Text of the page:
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Natalia Ryzhova

authorities. It should be noted that non-local (federal) media sources tended to describe Blagoveshensk as ‘Chinatown’, i.e. a city with a different culture. Izvestia for example noted that: ‘10 % of Blagoveshensk residents are Chinese. Widespread criminal activity comes in the form of labour and immigration

David Sneath

detailed description. In particular, Ryzhova points to the contrasting images in the national Russian media of Blagoveshensk as a virtual Chinatown, partially swamped by Chinese immigra- tion cast in xenophobic terms. She contrasts this with the relaxed attitudes of locals who have long operated in the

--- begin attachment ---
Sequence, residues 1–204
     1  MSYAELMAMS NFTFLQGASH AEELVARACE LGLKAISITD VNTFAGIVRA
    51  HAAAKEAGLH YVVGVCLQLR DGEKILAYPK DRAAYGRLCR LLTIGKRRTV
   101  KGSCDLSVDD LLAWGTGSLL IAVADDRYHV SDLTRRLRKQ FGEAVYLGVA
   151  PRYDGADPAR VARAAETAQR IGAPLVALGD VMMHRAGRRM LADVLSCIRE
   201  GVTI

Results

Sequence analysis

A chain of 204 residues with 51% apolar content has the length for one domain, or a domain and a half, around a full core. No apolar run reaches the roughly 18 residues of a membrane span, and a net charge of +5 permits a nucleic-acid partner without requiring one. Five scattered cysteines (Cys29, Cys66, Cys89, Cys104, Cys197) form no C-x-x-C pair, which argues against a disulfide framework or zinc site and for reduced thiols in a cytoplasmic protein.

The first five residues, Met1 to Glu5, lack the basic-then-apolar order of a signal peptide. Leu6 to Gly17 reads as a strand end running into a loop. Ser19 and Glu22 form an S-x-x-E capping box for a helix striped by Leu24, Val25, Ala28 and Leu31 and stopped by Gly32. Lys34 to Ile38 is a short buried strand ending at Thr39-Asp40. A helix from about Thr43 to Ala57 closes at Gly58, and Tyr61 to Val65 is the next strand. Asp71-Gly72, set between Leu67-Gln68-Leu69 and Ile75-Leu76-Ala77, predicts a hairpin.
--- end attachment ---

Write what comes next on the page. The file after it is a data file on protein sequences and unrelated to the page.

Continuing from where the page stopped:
’, while the Chinese pay them a fee for ‘hiring the sawmills’. All these informal connections and relation- ChInESE LABOur MIGrAtIOn 299 ships are based, of course, on mutual commercial interests. V.I. Dyatlov, who investigated adaptive practices in the context of Chinatowns in russia, high- lighted

Christopher P. Atwood

Chinatown of Neislel Khüriye) invested an average of 53.2 taels per person. 28 Based on the 1,500 members in 1923–4, it was estimated that one-third invested more than 20 taels. 29 These high investments prompted the frequent complaint that the Co-op members were primarily the well-to-do herders. At the